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Type: Journal article
Title: Measurement equivalence of the Social Interaction Anxiety Scale (SIAS) and Social Phobia Scale (SPS) across individuals with social anxiety disorder from Japanese and Australian sociocultural contexts
Author: Wong, Q.
Chen, J.
Gregory, B.
Baillie, A.
Nagata, T.
Furukawa, T.
Kaiya, H.
Peters, L.
Rapee, R.
Citation: Journal of Affective Disorders, 2019; 243:165-174
Publisher: Elsevier
Issue Date: 2019
ISSN: 0165-0327
Statement of
Quincy J.J.Wong, Junwen Chen, Bree Gregory, Andrew J.Baillie, Toshihiko Nagata, Toshiaki A.Furukawa, Hisanobu Kaiya, Lorna Peters, Ronald M.Rapee
Abstract: BACKGROUND:Cultural factors influence both the expression of social anxiety and the interpretation and functioning of social anxiety measures. This study aimed to test the measurement equivalence of two commonly used social anxiety measures across two sociocultural contexts using individuals with social anxiety disorder (SAD) from Australia and Japan. METHODS:Scores on the straightforwardly-worded Social Interaction Anxiety Scale (S-SIAS) and the Social Phobia Scale (SPS) from two archival datasets of individual with SAD, one from Australia (n = 201) and one from Japan (n = 295), were analysed for measurement equivalence using a multigroup confirmatory factor analysis (CFA) framework. RESULTS:The best-fitting factor models for the S-SIAS and SPS were not found to be measurement equivalent across the Australian and Japanese samples. Instead, only a subset of items was invariant. When this subset of invariant items was used to compare social anxiety symptoms across the Australian and Japanese samples, Japanese participants reported lower levels of fear of attracting attention, and similar levels of fear of overt evaluation, and social interaction anxiety, relative to Australian participants. LIMITATIONS:We only analysed the measurement equivalence of two social anxiety measures using a specific operationalisation of culture. Future studies will need to examine the measurement equivalence of other measures of social anxiety across other operationalisations of culture. CONCLUSIONS:When comparing social anxiety symptoms across Australian and Japanese cultures, only scores from measurement equivalent items of social anxiety measures should be used. Our study highlights the importance of culturally-informed assessment in SAD.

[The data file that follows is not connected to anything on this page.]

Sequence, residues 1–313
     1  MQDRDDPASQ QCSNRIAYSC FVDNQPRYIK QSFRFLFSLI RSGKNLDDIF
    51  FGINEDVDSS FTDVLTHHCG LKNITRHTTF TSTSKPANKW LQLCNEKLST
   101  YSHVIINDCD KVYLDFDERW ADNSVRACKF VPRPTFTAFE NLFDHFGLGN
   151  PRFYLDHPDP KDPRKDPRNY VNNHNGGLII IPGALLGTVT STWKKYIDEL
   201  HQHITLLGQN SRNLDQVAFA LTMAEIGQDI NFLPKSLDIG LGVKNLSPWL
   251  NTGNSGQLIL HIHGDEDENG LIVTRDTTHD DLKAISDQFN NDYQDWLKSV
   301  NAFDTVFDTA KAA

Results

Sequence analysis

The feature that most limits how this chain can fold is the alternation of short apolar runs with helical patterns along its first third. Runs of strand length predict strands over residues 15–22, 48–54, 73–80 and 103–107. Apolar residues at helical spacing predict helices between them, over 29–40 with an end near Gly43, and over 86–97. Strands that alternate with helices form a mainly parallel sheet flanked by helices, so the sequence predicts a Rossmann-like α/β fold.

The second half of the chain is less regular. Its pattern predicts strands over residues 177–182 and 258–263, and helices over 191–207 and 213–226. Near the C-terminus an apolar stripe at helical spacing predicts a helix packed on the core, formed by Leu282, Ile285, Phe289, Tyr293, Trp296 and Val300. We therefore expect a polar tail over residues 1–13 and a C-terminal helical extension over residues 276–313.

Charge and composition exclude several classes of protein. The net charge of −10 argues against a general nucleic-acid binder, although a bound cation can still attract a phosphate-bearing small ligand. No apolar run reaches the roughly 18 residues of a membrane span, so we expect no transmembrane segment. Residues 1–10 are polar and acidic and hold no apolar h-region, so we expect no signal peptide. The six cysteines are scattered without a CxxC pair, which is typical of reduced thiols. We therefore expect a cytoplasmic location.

Keywords: Social anxiety disorder; culture; assessment; measurement equivalence; factor analysis
Rights: © 2018 Elsevier B.V. All rights reserved.
RMID: 0030111443
DOI: 10.1016/j.jad.2018.09.028
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Appears in Collections:Psychology publications

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